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Tort of Publicity | Alysia Christiaen

Another Privacy Tort: Publicity Placing the Plaintiff in a False Light

For almost twelve years, Ontario courts have recognized torts for different types of invasion into a person’s privacy. Recently, a fourth privacy tort was adopted by the Ontario Superior Court of Justice in a family law case. As a result of Justice Kristjanson’s ruling in the case of Yenovkian v Gulian, 2019 ONSC 7279, Ontario plaintiffs are now able to advance claims for the tort of publicity which places the plaintiff in a false light.

In Yenovkian, the father had engaged in years of cyberbullying of the mother, including posting videos and photographs, and personal information and comments about their children to the internet. He created a website that focussed on the mother, her parents and their family business. The images and videos posted to the website included oral and written comments that his former spouse and her parents had committed various felonies, including child abuse, kidnapping, and theft and fraud against several governments. His conduct caused the mother to suffer several mental health issues.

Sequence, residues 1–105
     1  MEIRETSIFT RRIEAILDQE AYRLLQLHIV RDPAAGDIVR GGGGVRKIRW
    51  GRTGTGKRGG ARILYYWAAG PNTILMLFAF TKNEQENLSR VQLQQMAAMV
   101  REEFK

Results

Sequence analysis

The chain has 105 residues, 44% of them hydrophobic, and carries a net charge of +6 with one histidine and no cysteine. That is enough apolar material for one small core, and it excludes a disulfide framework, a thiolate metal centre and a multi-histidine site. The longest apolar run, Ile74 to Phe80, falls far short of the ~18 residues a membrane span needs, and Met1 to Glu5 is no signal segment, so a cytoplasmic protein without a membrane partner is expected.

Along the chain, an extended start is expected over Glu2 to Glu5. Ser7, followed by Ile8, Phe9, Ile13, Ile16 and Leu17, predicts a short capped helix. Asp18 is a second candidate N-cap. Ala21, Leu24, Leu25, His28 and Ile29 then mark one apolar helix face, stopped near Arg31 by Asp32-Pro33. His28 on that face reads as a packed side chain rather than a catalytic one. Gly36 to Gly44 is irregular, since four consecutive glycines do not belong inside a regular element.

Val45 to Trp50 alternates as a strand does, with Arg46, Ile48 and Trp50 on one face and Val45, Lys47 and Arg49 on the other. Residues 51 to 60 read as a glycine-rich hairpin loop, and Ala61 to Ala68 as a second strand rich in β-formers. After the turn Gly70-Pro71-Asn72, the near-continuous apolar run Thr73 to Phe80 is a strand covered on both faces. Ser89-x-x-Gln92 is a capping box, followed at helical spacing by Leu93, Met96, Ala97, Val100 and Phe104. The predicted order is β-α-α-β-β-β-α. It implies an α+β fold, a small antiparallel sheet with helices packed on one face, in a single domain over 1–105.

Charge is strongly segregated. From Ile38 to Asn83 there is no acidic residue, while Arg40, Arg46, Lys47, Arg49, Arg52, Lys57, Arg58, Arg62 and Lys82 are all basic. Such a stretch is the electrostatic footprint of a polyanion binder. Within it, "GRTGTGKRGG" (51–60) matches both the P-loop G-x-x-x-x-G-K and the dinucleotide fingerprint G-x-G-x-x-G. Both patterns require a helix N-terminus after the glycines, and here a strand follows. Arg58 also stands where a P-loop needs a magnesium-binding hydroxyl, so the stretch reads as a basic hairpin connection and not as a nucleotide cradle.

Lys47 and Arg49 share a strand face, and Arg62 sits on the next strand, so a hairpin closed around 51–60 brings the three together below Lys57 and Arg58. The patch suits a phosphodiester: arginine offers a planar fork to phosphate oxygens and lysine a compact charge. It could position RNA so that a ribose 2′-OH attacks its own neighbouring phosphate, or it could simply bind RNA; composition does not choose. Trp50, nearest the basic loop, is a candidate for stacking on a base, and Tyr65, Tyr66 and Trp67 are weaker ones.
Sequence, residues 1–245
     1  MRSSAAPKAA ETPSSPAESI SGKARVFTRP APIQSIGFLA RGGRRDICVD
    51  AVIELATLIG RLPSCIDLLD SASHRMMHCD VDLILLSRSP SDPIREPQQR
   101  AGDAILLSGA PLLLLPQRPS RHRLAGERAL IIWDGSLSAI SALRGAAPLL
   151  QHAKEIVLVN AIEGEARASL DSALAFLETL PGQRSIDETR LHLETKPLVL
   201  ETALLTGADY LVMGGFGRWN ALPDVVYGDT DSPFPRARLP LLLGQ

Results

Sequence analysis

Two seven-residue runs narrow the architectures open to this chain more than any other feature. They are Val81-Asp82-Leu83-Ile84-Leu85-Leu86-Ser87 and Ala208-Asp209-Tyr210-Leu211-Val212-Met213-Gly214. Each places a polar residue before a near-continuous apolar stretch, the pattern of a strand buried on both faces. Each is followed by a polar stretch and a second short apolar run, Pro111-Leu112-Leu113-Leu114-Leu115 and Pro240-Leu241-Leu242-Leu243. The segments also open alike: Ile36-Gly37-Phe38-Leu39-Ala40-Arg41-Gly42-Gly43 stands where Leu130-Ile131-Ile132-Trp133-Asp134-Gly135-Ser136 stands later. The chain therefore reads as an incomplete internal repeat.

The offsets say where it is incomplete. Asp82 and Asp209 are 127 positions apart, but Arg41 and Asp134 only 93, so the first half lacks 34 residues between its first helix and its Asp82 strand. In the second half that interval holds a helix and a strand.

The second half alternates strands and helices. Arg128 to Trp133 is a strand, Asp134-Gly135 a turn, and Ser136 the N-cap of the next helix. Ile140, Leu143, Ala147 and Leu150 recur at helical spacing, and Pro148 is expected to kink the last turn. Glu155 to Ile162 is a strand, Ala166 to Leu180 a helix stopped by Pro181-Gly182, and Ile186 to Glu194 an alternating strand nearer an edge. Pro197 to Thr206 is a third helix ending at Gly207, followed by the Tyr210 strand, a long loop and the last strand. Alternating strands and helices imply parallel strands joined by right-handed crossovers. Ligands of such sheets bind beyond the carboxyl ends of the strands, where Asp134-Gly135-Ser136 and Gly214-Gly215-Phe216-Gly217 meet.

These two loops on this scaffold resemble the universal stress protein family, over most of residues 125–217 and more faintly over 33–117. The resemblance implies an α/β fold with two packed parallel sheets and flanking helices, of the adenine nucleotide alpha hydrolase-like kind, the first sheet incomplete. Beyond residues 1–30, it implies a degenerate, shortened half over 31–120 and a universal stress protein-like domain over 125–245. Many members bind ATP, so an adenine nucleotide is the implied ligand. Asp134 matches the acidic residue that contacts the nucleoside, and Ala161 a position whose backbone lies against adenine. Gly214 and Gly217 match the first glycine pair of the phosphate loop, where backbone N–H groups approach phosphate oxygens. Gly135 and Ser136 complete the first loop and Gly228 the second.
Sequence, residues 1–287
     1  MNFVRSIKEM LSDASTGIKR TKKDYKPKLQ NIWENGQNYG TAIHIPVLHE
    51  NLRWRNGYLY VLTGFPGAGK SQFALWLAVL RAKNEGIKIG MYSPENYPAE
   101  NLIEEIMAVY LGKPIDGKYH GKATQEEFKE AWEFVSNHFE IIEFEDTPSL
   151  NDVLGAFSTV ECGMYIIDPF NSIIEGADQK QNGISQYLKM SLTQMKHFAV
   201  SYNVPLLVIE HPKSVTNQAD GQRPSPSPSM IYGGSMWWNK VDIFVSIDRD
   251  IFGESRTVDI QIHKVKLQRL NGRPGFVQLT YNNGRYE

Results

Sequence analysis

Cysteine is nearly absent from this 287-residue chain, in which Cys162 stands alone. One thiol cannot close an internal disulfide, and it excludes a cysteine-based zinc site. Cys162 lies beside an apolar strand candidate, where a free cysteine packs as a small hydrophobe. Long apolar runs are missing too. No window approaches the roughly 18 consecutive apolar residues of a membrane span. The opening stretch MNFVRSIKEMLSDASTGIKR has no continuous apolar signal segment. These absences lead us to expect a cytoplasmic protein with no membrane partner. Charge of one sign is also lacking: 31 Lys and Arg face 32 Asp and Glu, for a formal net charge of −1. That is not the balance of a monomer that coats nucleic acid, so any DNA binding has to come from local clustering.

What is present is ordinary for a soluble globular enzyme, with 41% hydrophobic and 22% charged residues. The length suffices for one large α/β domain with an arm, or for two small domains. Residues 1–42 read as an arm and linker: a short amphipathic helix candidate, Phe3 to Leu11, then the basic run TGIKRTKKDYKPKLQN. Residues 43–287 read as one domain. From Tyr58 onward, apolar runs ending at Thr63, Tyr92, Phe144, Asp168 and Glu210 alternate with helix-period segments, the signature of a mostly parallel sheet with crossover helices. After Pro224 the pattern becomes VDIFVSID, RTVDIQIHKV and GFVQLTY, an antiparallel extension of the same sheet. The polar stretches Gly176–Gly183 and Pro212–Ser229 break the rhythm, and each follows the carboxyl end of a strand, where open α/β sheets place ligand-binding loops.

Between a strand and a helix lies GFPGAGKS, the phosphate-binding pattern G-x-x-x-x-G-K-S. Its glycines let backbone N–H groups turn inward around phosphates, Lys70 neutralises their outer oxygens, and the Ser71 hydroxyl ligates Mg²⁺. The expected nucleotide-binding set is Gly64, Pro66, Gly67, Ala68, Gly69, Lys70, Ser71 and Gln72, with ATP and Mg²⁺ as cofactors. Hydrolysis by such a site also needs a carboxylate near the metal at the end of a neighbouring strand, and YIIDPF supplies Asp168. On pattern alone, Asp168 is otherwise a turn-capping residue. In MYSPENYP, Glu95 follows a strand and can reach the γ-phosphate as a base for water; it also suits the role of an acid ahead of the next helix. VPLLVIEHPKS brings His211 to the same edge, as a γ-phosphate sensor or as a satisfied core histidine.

Justice Kristjanson set out the elements of the tort of publicity placing the plaintiff in a false light as follows:

  • The false light in which the plaintiff was placed would be highly offensive to a reasonable person; and,
  • the defendant had knowledge of, or acted in reckless disregard, as to the falsity of the publicized matter and the false light in which the plaintiff would be placed.

Of importance, defamation does not need to be established for the tort of publicity placing the plaintiff in a false light to be made out. As explained by Justice Kristjanson, “[t]he wrong is in publicly representing someone, not as worse than they are, but as other than they are. The value at stake is respect for a person’s privacy right to control the way they present themselves to the world.”

The recognition of the tort of publicity placing the plaintiff in a false light affords people who are subject to cyberbullying recourse for compensation. Like other privacy torts, a plaintiff is not required to prove that actual damages have been suffered.

What remains to be seen is the impact that the recognition of this tort can have for businesses, i.e. can an employer be vicariously liable for comments made by employees about others in the workplace or commercial context.

The Yenovkian decision highlights the importance being extended by Ontario courts to protecting people’s privacy rights.

Alysia Christiaen

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